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Oh My Goodness! Are there choices ahead? My aquatic plant choices were based on Diana Walstad's most excellent book, 'Ecology Of The Planted Aquarium'.
Reference material that is indeed, Highly Recommended.
And, unless you want to push CO2 in a 'High Tech' aquarium? You are gonna need to feed those plants, somehow. My choices based on Diana's book, was to provide REAL Nutrition to my potted plants.
That is using the stuff plants grow in naturally well, everywhere. REAL Earth. And, with the very good lighting I provided to grow those plants - it worked!
The potting soil grew roots in my aquatic plants that filled those glass goldfish bowls, really fast. It was seriously lush in that aquarium! And, the measured Nitrates in what was a pretty heavily stocked tank, never got above 5 ppm. In fact, it got to the point that I was down to only just doing a bi-weekly cleaning of the intake pre-filters, with a monthly cleaning of the media in my canister filters. That was it! And outside of Just supplying fresh add water weekly, to get the water level up and back under the black plastic again. There were,
NO WATER CHANGES.
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- WHATIZIT? : Use High Grade potting soil, and just purchase it at a local garden center. There won't be weird chemicals in it. When I prepared it for use, I removed the larger pieces of bark or wood out of the medium (larger pieces that wouldn't break down efficiently for the plant to feed upon).

- SIMPLIFICATION: It makes sense really, so why over-complicate this? Those aquatic plants need really good lighting. And, they need real nutrition around their roots to sustain growth.
And that's pretty much it. :)
 

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Discussion Starter · #8 ·
Auballagh said:
Oh My Goodness! Are there choices ahead? My aquatic plant choices were based on Diana Walstad's most excellent book, 'Ecology Of The Planted Aquarium'.
Reference material that is indeed, Highly Recommended.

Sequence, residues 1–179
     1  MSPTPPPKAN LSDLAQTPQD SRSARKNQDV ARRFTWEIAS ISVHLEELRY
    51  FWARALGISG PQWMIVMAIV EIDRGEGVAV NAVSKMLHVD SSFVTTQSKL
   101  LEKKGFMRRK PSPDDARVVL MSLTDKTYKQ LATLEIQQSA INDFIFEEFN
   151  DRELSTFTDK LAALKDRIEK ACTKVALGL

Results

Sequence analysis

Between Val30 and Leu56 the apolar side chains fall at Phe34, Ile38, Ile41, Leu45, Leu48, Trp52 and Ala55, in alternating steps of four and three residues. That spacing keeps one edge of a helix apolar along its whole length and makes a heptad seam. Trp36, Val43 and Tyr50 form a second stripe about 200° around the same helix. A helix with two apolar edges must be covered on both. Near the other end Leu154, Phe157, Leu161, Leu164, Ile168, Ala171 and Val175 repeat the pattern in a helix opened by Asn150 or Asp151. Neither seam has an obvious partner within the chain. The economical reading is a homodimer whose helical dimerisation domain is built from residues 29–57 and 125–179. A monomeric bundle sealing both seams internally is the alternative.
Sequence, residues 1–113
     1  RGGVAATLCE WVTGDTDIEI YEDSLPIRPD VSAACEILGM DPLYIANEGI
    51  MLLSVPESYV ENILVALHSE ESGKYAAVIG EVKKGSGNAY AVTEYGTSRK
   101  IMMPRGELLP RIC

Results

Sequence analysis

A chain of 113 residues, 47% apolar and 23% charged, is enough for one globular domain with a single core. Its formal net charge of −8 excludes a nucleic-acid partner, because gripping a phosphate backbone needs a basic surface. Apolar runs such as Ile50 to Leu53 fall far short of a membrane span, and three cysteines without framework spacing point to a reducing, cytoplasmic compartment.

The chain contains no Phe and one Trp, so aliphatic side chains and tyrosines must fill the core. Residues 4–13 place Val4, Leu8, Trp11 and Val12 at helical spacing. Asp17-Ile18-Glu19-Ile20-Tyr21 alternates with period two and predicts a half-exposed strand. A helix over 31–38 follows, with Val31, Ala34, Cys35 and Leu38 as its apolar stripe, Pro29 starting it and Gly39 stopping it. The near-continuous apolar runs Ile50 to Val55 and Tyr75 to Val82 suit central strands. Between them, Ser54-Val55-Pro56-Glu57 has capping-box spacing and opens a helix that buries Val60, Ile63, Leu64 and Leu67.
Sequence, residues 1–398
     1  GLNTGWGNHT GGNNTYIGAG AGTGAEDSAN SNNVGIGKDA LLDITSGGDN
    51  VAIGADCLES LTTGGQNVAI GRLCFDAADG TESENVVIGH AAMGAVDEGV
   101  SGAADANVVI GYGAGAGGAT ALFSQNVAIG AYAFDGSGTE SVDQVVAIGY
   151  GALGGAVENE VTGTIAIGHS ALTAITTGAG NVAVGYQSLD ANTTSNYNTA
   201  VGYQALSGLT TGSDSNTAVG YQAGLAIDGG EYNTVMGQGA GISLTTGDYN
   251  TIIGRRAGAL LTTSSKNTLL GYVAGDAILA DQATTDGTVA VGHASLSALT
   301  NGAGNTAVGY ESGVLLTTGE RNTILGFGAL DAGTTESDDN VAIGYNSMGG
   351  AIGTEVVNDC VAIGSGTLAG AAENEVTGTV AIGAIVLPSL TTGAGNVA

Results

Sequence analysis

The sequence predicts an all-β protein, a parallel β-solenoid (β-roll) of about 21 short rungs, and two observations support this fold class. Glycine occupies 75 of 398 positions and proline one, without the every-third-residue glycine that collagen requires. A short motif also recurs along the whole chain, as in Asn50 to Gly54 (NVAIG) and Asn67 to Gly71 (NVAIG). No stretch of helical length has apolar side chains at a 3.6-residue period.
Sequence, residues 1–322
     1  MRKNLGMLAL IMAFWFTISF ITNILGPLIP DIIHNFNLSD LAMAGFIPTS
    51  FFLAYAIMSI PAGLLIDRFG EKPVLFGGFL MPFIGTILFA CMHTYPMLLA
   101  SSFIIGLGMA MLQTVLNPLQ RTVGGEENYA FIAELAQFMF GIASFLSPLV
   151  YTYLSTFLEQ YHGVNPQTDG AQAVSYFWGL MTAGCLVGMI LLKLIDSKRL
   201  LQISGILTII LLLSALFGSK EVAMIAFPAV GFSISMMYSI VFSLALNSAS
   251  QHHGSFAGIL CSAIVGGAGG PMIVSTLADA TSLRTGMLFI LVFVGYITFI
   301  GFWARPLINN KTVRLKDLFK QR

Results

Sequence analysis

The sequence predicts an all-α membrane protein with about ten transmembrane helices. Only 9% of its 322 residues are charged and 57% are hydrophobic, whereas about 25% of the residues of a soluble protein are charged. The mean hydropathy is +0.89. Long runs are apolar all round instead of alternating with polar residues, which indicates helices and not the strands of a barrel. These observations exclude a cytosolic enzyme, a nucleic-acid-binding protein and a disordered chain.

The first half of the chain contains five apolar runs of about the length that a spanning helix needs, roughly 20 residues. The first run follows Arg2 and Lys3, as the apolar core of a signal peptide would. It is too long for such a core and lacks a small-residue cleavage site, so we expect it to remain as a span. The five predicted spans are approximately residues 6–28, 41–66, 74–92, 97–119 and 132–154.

And, unless you want to push CO2 in a 'High Tech' aquarium? You are gonna need to feed those plants, somehow. My choices based on Diana's book, was to provide REAL Nutrition to my potted plants.
That is using the stuff plants grow in naturally well, everywhere. REAL Earth. And, with the very good lighting I provided to grow those plants - it worked!
The potting soil grew roots in my aquatic plants that filled those glass goldfish bowls, really fast. It was seriously lush in that aquarium! And, the measured Nitrates in what was a pretty heavily stocked tank, never got above 5 ppm. In fact, it got to the point that I was down to only just doing a bi-weekly cleaning of the intake pre-filters, with a monthly cleaning of the media in my canister filters. That was it! And outside of Just supplying fresh add water weekly, to get the water level up and back under the black plastic again. There were,
NO WATER CHANGES.
-
- WHATIZIT? : Use High Grade potting soil, and just purchase it at a local garden center. There won't be weird chemicals in it. When I prepared it for use, I removed the larger pieces of bark or wood out of the medium (larger pieces that wouldn't break down efficiently for the plant to feed upon).

- SIMPLIFICATION: It makes sense really, so why over-complicate this? Those aquatic plants need really good lighting. And, they need real nutrition around their roots to sustain growth.
And that's pretty much it. :)
Alright got it. I got little glass bowls from the dollar store and they are perfect for the plants. I may actually have some organic potting soil in my shed that I use for many of my plants. I'll have to check to make sure it is ok and will plant them with the soil and some gravel.